``The Quiet" is in such bad taste that it's a shame the thriller doesn't make a better bad movie.
Rarely does Jamie Babbit's film rise to the talents of its cast (OK, just the talents of Edie Falco , but still), or stoop to the level of the trashy secrets on display. Any plot featuring a father who can't stay out of his cheerleader daughter's bed deserves to be done with utter seriousness -- or the absolute lack of it. ``The Quiet" has a devil of a time determining which extreme it prefers.
It's too busy being ponderous to do much winking. But it isn't the incest story that weighs the movie down. It's Dot (Camilla Belle ), the deaf-mute who has recently moved into the Deers' Connecticut household after the death of her father. Mrs. Deer (Falco ) is a drugged- up depressive. Mr. Deer ( Martin Donovan ) is an ineffectual creep. And obnoxious Nina (lad-mag mainstay Elisha Cuthbert) is the family's bad girl. But as Dot discovers one night, Nina is saving herself for one man, and he's married to her mom.
Nina is a seductress, even if she's only teasing. Rarely glimpsed in an outfit other than her cheerleading uniform, she frequently leans into Dot's face, as though she'd enjoy giving her more than whispered insults, pharmaceutical drugs, and makeover advice. (It's that kind of movie.)
At school, Nina harasses Dot some more, and jockeys, along with her lascivious buddy Michelle (Katy Mixon ), for the attention of the varsity basketball stud (Shawn Ashmore , Iceman from ``X-Men"). But naturally he prefers Dot, silence being a great big turn-on.
But Dot can speak -- or at least narrate. Half of ``The Quiet" consists of her random thoughts. Twice she compares herself to Beethoven, and, once, she tries her hand at philosophical disgust: ``One day we wake up and realize the world sucks , and we suck for being in it."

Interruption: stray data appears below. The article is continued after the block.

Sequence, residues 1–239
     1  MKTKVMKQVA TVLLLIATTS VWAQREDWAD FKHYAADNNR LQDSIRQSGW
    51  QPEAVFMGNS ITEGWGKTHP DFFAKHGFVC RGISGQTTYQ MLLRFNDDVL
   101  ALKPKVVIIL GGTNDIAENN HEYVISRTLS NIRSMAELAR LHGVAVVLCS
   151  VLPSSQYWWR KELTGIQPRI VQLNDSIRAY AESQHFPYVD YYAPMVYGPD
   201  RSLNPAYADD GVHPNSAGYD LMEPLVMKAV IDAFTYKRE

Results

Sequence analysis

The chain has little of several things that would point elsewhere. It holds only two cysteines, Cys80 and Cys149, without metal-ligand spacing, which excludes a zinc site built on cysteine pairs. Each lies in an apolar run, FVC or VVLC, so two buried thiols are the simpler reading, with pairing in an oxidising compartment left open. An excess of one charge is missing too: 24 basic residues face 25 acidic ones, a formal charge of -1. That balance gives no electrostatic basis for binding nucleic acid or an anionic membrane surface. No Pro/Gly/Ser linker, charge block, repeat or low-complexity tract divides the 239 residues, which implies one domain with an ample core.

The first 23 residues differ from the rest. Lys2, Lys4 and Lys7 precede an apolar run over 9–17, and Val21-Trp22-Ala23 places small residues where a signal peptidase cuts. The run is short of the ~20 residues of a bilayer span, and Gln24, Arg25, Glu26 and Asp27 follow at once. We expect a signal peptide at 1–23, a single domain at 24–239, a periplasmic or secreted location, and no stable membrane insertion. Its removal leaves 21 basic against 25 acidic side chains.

Belle, with her dark, boyishly cut hair, is certainly a beauty -- and an androgynous one at that. But on screen she's hollow. The film is already visually dead, and it dies a little more whenever she's alone in a scene, which is often.
``The Quiet" is actually a mess of tones. The incest business goes from cheeky and kinky to rote Lifetime payback stuff; nice try attempting to make Nina sympathetically vengeful and psychologically interesting at the last minute. Part of the problem might have something to do with Babbit's confusion about how to treat the soft-core fantasies lurking in Abdi Nazemian and Micah Schraft's script. Rather than throw it into the fireplace, she dares to make a half-earnest movie.
Babbit's last film was 1999's mostly funny gay de programming comedy ``But I'm a Cheerleader." It was a promising debut. Since then, she's put in a lot of television time: a ``Gilmore Girls" here, a ``Nip/Tuck" there. Those are two radically different shows that look at women in different ways. One show likes women, the other does not (although to the credit of ``Nip/Tuck," that show doesn't appear to like anyone).
``The Quiet" lands somewhere in between. It's too confused to provide any thrills, even indecent ones.
Wesley Morris can be reached at firstname.lastname@example.org.